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  1. A warm hello to my Guest Author, Amy Mullen. Amy's latest book, Redefining Rayne, is published by Astraea Press.



    Rayne de Latham, cousin to King William Rufus, should be enjoying a life of privilege. Instead, she has only known misery. Her disastrous first marriage yielded nothing but pain, suffering, and three stillborn children. She believes she is cursed and is certain another pregnancy will end in another tragedy. When the king seeks to get rid of her by sending her to marry one of his knights, she will do just about anything to get out of her betrothal.

    Widower Andre de Grelle is father to two small boys who came to him by marriage. When his first wife jumps off the castle walls in a fit of madness, he keeps the boys he has grown to love as his own. When the king sends him a new bride, the lovely but troubled Rayne, he vows to have more patience with her than he had with his first wife.

    Once Rayne arrives at Cuxton Castle, Andre realizes there is much more to her than meets the eye. She does everything she can to force him to send her away, but nothing works. Frustration grows as Andre discovers his betrothed is hiding something from him about her past, something so devastating she cannot speak the words out loud.

    In the midst of a siege on nearby Pevensey Castle, a truth comes to light that changes everything. As the real story of Rayne’s past emerges, lives change forever. Will love be enough, or will it be easier to walk away?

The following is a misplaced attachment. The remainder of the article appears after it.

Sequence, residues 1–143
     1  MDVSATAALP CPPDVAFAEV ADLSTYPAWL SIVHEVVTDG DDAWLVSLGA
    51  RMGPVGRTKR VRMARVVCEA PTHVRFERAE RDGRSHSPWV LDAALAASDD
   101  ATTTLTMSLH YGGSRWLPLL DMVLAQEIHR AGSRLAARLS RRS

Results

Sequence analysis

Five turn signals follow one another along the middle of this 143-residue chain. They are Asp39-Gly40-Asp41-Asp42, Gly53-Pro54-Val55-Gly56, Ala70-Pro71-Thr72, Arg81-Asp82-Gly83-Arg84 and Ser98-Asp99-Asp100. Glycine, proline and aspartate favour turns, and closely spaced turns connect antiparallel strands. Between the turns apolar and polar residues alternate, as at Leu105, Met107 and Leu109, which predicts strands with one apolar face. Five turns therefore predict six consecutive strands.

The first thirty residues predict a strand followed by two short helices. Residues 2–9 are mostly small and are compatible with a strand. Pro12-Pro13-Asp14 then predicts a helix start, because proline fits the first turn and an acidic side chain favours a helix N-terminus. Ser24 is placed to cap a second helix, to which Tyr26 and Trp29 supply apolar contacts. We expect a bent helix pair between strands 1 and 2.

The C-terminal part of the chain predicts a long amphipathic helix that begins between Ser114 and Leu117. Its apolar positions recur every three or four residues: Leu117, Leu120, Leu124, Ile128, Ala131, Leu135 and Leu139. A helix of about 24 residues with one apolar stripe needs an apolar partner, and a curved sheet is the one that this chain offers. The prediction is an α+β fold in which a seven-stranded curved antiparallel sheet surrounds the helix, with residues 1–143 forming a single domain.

Andre moved closer to her. His body was mere inches from hers as he lifted his other hand and slowly tilted her face toward his. Cupping her cheek, he wiped away a tear with his thumb. "You have no idea how fascinating you are," he whispered.

    Involuntarily, her eyes closed and she tilted her chin up. She felt his soft lips brush hers and she started to tremble. The short, light touch of his mouth stirred something in her. A young maiden's dream of love, of being loved and cherished, welled up from a place where she had hidden her hopes a long time ago. She returned his kiss, but just for a moment.

    Her eyes flew open, and she pulled her head back. This was all wrong. This was not how this was supposed to happen. In a rush to break the spell, she stammered out the first thing she thought of, "Someone will see us! Odo may come."

    An expression of disbelief washed across his features and was replaced by irritation. "Odo? What has he to do with this? He is my guest but hardly has a say in what I do with you."

    "You…" she stumbled over her words, "you… he is your…"

    Andre stood and stepped away from her. He stared down at her, but she could no longer read his face. "Do your affections lie with Odo, Lady Rayne?"


    Buy Link: